Exceptional Works by Rothko, Bacon & More to Highlight Sotheby’s Contemporary Art Evening Auction
WATCH: ART AS A WINDOW TO THE MIND: THE COLLECTION OF GERALD L. LENNARD
THE BLEMA AND H. ARNOLD STEINBERG COLLECTION
The most important collection of Color Field paintings ever to appear at auction will highlight our Contemporary Art auctions this spring, emerging from the triumphant collection of Blema & H. Arnold Steinberg. Assembled across decades by the Canadian collectors and philanthropists from the mid-1960s through to 2014, the 100+ works offered this year together are estimated to achieve in excess of $40 million.
In addition to vibrant compositions by an array of Contemporary artists including Agnes Martin, Robert Motherwell, Helen Frankenthaler, Kenneth Noland and Adolph Gottlieb, the Steinberg collection is led by two transcendent paintings on paper executed by Mark Rothko in 1969, the final year of his life: Untitled (Red and Burgundy Over Blue) (pictured right, estimate $9/12 million) and Untitled (Red on Red) (estimate $7/10 million). Both are dazzling embodiments of the artist’s legendary Color Field compositions, which are distinguished as rare, exquisitely vibrant examples from a period of the artist’s fabled career that was largely characterized by a predominantly somber palette. The paintings exemplify Rothko’s work in a medium that bore an increasingly profound significance in the twilight years of his oeuvre when, tirelessly seeking to broaden the horizons of his practice, he focused his energies upon exploring the absolute limits of painting of paper. Separate release available
WATCH: THE MOST IMPORTANT COLLECTION OF COLOR FIELD PAINTINGS EVER TO APPEAR AT AUCTION
A DEFINING MASTERPIECE BY LEE KRASNER
The Eye is the First Circle represents the last major large-scale work by Lee Krasner remaining in private hands, appearing at auction this May after more than 20 years in the same distinguished private collection (estimate $10/15 million). Executed in 1960, The Eye is the First Circle stands today not only as a defining work of Krasner’s career at the peak of her artistic powers, but also a masterpiece of the Abstract Expressionist era broadly.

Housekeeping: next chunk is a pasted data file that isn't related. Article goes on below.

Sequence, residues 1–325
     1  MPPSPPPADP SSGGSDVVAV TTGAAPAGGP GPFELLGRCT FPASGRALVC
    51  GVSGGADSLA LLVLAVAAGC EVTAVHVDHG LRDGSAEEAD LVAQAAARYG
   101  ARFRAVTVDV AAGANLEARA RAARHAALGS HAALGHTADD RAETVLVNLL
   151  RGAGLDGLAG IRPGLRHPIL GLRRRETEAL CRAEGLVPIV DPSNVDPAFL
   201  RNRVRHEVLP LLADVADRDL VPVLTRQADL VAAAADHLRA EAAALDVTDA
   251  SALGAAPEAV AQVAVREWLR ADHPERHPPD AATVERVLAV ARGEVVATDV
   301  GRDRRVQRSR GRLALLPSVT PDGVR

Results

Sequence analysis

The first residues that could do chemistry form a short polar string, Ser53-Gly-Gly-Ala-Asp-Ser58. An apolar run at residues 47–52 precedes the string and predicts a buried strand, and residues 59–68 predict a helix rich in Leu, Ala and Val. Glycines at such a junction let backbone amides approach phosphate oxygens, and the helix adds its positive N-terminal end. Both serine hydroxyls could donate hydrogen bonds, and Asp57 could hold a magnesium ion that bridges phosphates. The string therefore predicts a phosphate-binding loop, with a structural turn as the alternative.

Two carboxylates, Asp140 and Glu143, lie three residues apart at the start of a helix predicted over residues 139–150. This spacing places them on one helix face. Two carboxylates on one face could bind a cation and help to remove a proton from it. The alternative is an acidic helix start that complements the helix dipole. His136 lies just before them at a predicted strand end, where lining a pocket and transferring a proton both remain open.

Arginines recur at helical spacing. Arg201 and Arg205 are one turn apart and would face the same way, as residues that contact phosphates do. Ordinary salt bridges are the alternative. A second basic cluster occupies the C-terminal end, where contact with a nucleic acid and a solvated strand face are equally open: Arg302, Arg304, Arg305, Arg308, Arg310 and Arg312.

Reeling from her husband and fellow artist Jackson Pollock’s fatal car crash in 1956, followed by her mother’s passing in 1959 and the cancellation of a planned exhibition at French & Co. that same year, Krasner plunged into a new series of paintings, harnessing her emotional turmoil as a catalyst for her first monumental Umber paintings. Many nights, the artist found herself unable to sleep and painted instead. Without daylight to illuminate her canvas as she worked, Krasner began to eliminate color from her palette, instead working within the nuanced range of amber, cream, and umber tones used in the present work. She consequently referred to the resulting Umber paintings as the Night Journeys. The title of the present work, The Eye is the First Circle, came to Krasner as she was struck by the half-lidded eyes which seemed to peer out from the dense thicket of pigment. Separate release available
WATCH: LEE KRASNER FROM THE DEPTH OF DESPAIR TO THE HEIGH OF HER CAREER
ROBERT MOTHERWELL’S ELEGY
Measuring a staggering 96 by 120 inches, Robert Motherwell’s monumental Elegy to the Spanish Republic No. 134 from 1974 is a definitive example from the artist’s revered Elegies series – his most extensive and acclaimed body of work (estimate of $9/12 million). Motherwell was a 21-year-old student when the horrors of the Spanish Civil War commenced in 1936, which had a profound impact on the young artist. As the recurrent motif of his Elegies, the symbolism of these ovular slabs has been debated extensively. Ultimately, they are intended to be read as a lamentation or funeral song – a lyrical and poetic memorial to the immense human loss and suffering endured during these harrowing years. Testifying to the importance of the series, nearly every major museum collection, including the Metropolitan Museum of Art, New York, Museum of Modern Art, New York, Solomon R. Guggenheim Museum of Art, New York, and San Francisco Museum of Modern Art, among others, hold an Elegy to the Spanish Republic in their permanent collection.
ARTISTS FOR THE HAMMER MUSEUM
Important works by nearly 40 celebrated artists with strong ties to the Hammer Museum at UCLA have been donated for auction this May in Sotheby’s Evening and Day Auctions of Contemporary Art. Under the visionary direction of Ann Philbin, the Los Angeles institution has emerged over the past two decades as one of the most vibrant and influential museums in America. This historic sale will support the creation of a new Artist Fund, which will directly support the museum’s pioneering exhibition program and work with emerging artists. The fund is part of the museum’s $180 million capital campaign, which also includes a major transformation of the Hammer’s facility and an expansion of its endowment.
A highlight of the group is Mark Bradford’s Scratch Pink from 2018, which is estimated to sell for $2/3 million in the Contemporary Art Evening Auction on 16 May. Renowned for his richly textured canvases built up of layers of collaged paper, Bradford’s expressive abstraction embodies the urban experience as-lived. Invoking visions of cartographic grids or aerial topography, Scratch Pink is an exceptionally vibrant example of the artist’s mixed media paintings, which have most recently been celebrated in his solo shows at Hauser & Wirth in Hong Kong and Los Angeles. Widely regarded as amongst the most influential artists of his generation, Bradford received his first solo museum exhibition in his hometown of Los Angeles, Mark Bradford: Scorched Earth, at the Hammer Museum in 2015. Separate release available
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